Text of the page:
You can listen to a copy of the audio we’ve obtained of the hearing on Spotify or watch the hearing in full below:

California to Hold Hearings on Commercial Finance Broker Licensing

January 8, 2024
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Members of the California state legislature are apparently not done with the commercial finance space. This time they want to expand the scope of the California Financing Law (CFL) to include “commercial financing providers” and “commercial financing brokers” for the purpose of licensure, regulation, and enforcement. In Senate Bill 869, commercial financing is defined as an “accounts receivable purchase transaction, including factoring, asset-based lending transaction, commercial loan, or lease financing, intended by the recipient for use primarily for a purpose other than a personal, family, or household purpose.”

While the bill was technically introduced last year, its progress stalled. Now it’s not only back but it will also be the subject of back-to-back committee hearings on January 10 and January 11. To the extent these hearings are publicly accessible, deBanked will livestream them.

Biden Vetoes Congressional Resolution to Scrap CFPB’s Small Business Lending Rules

December 19, 2023
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cfpbBipartisan or not, President Biden formally vetoed S.J.Res. 32 which would have scrapped the CFPB’s 888 pages of soon-to-be implemented small business lending rules and forced the agency to create new ones.

The CFPB is obligated by the Wall Street Reform and Consumer Protection Act to collect data from small business finance companies (MCA included) so that it will be able to assess the market and measure potential disparities. It is a limited scope law that nevertheless resulted in 888 pages of rules explaining how to collect that data and send it to the federal government. They are slated to go into effect very soon.

Despite data collection being the intended purpose, Biden suggested in his official veto statement that the rules are actually intended to “conduct oversight of abusive and predatory lenders.”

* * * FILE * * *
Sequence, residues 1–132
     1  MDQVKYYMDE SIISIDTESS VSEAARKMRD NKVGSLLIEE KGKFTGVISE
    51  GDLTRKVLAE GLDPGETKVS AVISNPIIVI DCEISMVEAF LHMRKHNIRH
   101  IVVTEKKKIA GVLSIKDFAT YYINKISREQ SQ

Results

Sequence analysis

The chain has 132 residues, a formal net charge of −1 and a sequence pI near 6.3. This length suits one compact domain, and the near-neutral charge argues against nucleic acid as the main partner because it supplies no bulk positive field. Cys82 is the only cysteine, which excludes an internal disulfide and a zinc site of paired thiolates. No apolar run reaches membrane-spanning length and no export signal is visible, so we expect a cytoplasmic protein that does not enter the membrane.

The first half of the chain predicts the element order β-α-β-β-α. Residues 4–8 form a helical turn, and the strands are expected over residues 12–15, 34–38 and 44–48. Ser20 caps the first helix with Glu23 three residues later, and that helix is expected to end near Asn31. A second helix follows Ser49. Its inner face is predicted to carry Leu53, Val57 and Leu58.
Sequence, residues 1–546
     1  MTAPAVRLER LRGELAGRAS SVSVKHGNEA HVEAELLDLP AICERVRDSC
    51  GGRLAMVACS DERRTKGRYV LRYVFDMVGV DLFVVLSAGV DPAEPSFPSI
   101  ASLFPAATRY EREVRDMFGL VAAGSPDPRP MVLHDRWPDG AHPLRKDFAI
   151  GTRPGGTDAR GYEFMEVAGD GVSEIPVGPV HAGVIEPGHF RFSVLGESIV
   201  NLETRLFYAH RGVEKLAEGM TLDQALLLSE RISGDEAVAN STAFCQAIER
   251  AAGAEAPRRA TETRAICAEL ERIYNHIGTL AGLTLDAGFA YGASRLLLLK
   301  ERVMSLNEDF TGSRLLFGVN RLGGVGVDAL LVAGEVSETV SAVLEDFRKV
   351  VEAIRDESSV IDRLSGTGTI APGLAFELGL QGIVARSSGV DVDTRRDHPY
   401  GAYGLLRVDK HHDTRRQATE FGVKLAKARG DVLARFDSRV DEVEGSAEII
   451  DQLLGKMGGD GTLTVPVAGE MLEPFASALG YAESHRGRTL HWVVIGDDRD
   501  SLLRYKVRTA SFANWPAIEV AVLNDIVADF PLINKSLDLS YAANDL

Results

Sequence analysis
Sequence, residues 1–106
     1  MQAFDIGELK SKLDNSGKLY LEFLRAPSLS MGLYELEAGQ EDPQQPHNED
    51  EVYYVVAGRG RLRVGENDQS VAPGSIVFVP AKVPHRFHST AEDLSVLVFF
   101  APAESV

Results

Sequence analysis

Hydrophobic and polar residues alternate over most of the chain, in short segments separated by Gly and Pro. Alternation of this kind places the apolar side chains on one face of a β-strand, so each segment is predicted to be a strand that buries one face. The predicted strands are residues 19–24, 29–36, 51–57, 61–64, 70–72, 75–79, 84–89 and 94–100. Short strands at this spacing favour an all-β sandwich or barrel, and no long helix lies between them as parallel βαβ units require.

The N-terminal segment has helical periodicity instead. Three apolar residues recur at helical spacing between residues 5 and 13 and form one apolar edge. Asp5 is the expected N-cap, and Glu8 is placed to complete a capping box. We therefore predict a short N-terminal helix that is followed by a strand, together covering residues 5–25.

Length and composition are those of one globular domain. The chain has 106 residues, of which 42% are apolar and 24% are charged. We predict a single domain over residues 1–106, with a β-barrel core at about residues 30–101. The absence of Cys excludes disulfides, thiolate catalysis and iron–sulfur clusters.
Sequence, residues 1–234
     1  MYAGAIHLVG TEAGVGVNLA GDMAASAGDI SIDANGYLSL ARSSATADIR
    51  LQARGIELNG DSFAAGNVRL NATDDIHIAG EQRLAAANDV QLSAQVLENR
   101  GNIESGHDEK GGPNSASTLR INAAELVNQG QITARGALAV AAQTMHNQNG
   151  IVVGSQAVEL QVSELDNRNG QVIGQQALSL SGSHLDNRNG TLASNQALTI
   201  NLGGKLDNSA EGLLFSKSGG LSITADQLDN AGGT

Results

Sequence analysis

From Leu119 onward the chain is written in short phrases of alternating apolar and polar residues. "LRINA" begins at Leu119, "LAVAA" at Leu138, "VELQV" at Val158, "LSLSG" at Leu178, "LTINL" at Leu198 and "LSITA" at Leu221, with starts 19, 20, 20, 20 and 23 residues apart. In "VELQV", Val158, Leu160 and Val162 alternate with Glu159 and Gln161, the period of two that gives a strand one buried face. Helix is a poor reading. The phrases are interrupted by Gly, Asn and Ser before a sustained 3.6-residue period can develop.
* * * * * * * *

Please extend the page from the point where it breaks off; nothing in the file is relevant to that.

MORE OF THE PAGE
“If enacted, this resolution would harm all those that stand to benefit from expanded transparency and accountability,” Biden said. “By hampering efforts to promote transparency and accountability in small business lending, Republicans are siding with big banks and corporations over the needs of small business owners.”

Full statement here

Unless litigation changes the timelines, many funders and lenders must start complying by October 1, 2024. This is a federal law, not a state requirement.

Brokers: What’s Your Address and Phone Number?

December 14, 2023
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FloridaBrokers, this is no joke. In eighteen days, the State of Florida will by law require that brokers disclose their actual address and phone number in advertisements that promote their services as a broker. This is because Florida’s commercial financing disclosure law added its own twist by incorporating one of DailyFunder’s original rules to its statute.

Furthermore a broker may NOT:

(1) Assess, collect, or solicit an advance fee from a business to provide services as a broker. However, this subsection does not preclude a broker from soliciting a business to pay for, or preclude a business from paying for, actual services necessary to apply for a commercial financing transaction, including, but not limited to, a credit check or an appraisal of security, if such payment is made by check or money order payable to a party independent of the broker.

(2) Make or use any false or misleading representation or omit any material fact in the offer or sale of the services of a broker or engage, directly or indirectly, in any act that operates or would operate as fraud or deception upon any person in connection with the offer or sale of the services of a broker, notwithstanding the absence of reliance by the business.

(3) Make or use any false or deceptive representation in its business dealings.

What’s the risk of non-compliance?

The Florida Attorney General has the right to commence administrative or judicial proceedings to enforce compliance with this part.

1. A violation of this part is punishable by a fine of $500 per incident, not to exceed $20,000 for all aggregated violations, arising from the use of the transaction documentation or materials found to be in violation of this part.

2. A violation of this part after receipt of a written notice of a prior violation from the Attorney General is punishable by a fine of $1,000 per incident, not to exceed $50,000 for all aggregated violations, arising from the use of the transaction documentation or materials found to be in violation of this part.

These rules were signed into law in June of this year and they apply to all deals funded starting January 1, 2024.

Full law here